For many of us, the start of a new year means returning to the world of exercise following several weeks of gluttony and indulgence. Bringing ourselves back to the gym, park or even an exercise mat at home can prove challenging, but combining it with our favorite pastime of gaming can help to reach that motivated frame of mind.
There are plenty of games with cracking soundtracks out there, but below you’ll find some of our faves to get the heart racing and set the pace whether we’re out for a jog, hitting the gym, or lifting weights in our own living room. Read on to discover the best game soundtracks for workouts.
The best game soundtracks for workouts
Along with an impressive series of tie-in DLCs, Psyonix’s rocket-powered vehicular sport has also been steadily accruing a jam-packed soundtrack thanks to partnerships with independent EDM label Monstercat. The full soundtrack (available here on Spotify) includes four volumes from Monstercat, along with plenty of individual tracks from other artists. There’s something here for everyone, with high-tempo tracks like Drop It to get you sweating, Mad Max-style tension in Scorched Earth, or — our personal favorite — summer vibes in Stephen Walking’s Glide:
Hotline Miami’s pulsing beats are the perfect companion to a frustration-venting workout. If you’ve been tied to the computer all day or are desperate to escape work/school/university obligations, tracks like Paris and Miami Disco will help iron out those kinks. Stick on some electric beats and lose yourself in the rhythm and repetition as you get to work — It’s all a bit like the game really isn’t it? Except that the only body you’re destroying here is your own.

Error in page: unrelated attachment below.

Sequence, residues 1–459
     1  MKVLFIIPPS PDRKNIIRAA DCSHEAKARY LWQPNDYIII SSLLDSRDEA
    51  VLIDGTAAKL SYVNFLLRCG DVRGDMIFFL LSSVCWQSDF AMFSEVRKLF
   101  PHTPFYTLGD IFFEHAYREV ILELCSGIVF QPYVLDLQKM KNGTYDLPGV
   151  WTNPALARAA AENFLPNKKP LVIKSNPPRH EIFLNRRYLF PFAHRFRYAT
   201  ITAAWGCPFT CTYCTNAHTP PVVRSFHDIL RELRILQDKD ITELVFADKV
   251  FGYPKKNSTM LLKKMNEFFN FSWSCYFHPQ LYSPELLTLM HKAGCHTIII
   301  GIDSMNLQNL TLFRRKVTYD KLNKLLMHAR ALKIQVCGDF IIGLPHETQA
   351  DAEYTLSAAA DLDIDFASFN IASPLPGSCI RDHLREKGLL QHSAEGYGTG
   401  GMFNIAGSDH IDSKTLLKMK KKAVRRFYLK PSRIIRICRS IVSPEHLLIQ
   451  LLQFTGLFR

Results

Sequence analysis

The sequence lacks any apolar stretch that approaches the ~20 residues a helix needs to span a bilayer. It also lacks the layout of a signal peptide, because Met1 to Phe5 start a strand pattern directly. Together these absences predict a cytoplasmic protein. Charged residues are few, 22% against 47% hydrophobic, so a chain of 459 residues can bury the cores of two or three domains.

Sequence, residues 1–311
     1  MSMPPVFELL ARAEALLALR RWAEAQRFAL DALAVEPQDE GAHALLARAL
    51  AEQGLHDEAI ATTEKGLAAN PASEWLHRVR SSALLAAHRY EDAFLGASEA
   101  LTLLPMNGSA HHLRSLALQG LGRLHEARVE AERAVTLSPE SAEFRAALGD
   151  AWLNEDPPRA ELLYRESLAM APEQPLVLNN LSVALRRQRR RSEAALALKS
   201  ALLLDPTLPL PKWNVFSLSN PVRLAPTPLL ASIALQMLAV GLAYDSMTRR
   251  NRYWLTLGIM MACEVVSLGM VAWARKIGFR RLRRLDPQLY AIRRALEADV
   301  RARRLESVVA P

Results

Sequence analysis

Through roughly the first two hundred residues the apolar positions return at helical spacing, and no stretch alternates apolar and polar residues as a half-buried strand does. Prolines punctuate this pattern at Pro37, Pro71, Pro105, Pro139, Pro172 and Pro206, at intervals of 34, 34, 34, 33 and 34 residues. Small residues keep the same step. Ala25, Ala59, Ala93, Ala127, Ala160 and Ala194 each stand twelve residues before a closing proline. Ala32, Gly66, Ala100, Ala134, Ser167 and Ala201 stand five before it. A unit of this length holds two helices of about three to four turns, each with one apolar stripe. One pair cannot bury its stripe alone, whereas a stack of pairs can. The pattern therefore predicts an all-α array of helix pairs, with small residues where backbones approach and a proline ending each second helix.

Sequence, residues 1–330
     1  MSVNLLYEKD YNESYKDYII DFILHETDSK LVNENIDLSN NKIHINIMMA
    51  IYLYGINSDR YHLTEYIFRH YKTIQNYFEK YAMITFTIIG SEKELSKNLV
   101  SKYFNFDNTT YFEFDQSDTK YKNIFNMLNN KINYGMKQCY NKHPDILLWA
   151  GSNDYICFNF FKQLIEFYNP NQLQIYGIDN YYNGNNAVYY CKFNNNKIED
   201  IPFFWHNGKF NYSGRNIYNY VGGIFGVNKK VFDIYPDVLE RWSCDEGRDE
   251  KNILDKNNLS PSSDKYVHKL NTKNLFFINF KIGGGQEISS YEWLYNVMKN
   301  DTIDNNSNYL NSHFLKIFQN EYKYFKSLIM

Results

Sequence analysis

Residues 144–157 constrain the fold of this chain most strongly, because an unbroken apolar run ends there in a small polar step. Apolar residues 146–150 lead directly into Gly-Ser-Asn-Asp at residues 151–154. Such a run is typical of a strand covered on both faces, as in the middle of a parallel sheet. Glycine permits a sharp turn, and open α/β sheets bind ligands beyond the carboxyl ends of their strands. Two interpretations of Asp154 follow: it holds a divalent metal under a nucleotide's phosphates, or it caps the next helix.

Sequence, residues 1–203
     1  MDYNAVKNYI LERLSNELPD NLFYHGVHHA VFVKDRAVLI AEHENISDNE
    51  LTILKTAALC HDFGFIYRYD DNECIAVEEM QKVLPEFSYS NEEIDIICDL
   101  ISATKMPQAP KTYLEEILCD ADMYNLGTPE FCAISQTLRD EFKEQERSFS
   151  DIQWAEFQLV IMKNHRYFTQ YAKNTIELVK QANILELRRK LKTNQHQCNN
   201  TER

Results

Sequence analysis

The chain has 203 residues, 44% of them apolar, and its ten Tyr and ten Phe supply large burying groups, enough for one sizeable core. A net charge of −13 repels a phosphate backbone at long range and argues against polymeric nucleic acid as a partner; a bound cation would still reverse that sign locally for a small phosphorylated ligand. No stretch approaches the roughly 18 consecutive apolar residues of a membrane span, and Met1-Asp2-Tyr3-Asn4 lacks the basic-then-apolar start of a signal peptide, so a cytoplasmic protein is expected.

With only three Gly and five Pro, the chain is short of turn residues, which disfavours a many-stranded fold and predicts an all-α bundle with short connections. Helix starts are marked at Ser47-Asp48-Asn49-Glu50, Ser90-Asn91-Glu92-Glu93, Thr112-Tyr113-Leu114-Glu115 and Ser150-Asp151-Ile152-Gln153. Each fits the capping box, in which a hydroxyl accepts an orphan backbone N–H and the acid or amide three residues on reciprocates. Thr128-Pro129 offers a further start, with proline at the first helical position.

Jet Set Radio Future
Where would any music list be without a nod to Sega’s stylish graffiti-skaters from the early 2000s? It’s tough to pick a favourite between the original JSR’s soundtrack and Future’s expanded mix, but there’s no reason you can’t hop between both for workouts. Whack on these tunes while using a treadmill or cross trainer and you’ll soon feel more like you’re gliding through the streets of Tokyo, spray paint in hand. Just be warned that you might find it hard to keep from dancing.
DOOM (Or y’know, any of Mick Gordon’s stuff)
The original pitch for DOOM 2016’s soundtrack stipulated that no metal should be included. We’re glad Mick Gordon was able to roll Bethesda back on that choice as it’s resulted in an unholy fusion of electronic and metal that somehow just works. Sadly there aren’t any demons to punch in the real world, but we can’t think of a better soundtrack to lift heavy things to instead.Load Comments